In English, the initial g of giga can be pronounced /ˈɡɪɡə/ (a hard g as in giggle), or /ˈdʒɪɡə/ (a soft g as in giant, like a j sound, which shares its Greek root).
This latter pronunciation was formalised within the United States in the 1960s and 1980s with the issue by the US National Bureau of Standards of pronunciation guides for the metric prefixes. A prominent example is found in the pronunciation of gigawatts in the 1985 film Back to the Future.
According to the American writer Kevin Self, a German committee member of the International Electrotechnical Commission proposed giga as a prefix for 109 in the 1920s, drawing on a verse (evidently "Anto-logie") by the German humorous poet Christian Morgenstern that appeared in the third (1908) edition of his Galgenlieder (Gallows Songs). This suggests that a hard German [ɡ] was originally intended as the pronunciation. Self was unable to ascertain when the /dʒ/ (soft g) pronunciation came into occasional use, but claimed that as of 1995 it had returned to /ɡ/ (hard g).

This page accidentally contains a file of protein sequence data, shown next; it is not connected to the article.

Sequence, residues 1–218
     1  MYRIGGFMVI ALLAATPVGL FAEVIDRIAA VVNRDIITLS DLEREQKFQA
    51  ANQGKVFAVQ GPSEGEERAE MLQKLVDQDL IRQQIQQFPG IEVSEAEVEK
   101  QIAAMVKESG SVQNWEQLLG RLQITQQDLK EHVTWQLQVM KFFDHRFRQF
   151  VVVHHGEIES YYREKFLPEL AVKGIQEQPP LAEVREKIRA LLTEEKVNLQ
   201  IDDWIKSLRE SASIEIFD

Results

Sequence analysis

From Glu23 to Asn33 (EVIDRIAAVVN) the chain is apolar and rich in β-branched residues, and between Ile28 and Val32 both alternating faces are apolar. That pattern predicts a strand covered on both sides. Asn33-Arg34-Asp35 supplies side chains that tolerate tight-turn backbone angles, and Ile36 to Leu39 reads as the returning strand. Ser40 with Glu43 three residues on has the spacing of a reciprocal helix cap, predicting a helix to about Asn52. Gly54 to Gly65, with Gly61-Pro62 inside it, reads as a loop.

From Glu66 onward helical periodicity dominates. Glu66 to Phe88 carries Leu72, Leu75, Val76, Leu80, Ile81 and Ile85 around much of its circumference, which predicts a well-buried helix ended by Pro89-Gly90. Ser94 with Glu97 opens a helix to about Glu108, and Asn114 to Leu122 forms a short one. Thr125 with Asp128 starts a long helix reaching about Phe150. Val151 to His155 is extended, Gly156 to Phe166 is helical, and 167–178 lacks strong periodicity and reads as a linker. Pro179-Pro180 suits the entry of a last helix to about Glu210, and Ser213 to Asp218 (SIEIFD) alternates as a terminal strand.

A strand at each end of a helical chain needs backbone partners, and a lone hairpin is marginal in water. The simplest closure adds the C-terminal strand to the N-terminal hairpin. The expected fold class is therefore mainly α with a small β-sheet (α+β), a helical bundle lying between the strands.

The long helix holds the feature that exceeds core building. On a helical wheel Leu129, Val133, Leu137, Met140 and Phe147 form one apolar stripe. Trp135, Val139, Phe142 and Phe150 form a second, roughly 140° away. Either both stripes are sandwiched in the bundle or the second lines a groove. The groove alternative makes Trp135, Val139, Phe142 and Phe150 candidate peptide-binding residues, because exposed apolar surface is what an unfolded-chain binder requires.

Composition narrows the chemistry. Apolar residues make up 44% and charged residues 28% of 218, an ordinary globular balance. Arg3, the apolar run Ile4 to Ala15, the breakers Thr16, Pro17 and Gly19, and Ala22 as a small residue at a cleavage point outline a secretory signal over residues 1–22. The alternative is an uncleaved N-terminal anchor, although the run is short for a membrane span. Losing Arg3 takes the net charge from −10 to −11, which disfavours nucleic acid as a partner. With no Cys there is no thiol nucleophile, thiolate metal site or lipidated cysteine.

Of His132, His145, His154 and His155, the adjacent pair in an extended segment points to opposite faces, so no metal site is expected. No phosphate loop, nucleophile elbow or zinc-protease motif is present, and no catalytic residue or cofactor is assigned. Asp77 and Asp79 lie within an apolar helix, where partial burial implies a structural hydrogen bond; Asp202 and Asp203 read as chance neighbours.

In 1998, a poll by the phonetician John C. Wells found that 84% of Britons preferred the pronunciation of gigabyte starting with /ɡɪ/ (as in gig), 9% with /dʒɪ/ (as in jig), 6% with /ɡaɪ/ (guy), and 1% with /dʒaɪ/ (as in giant).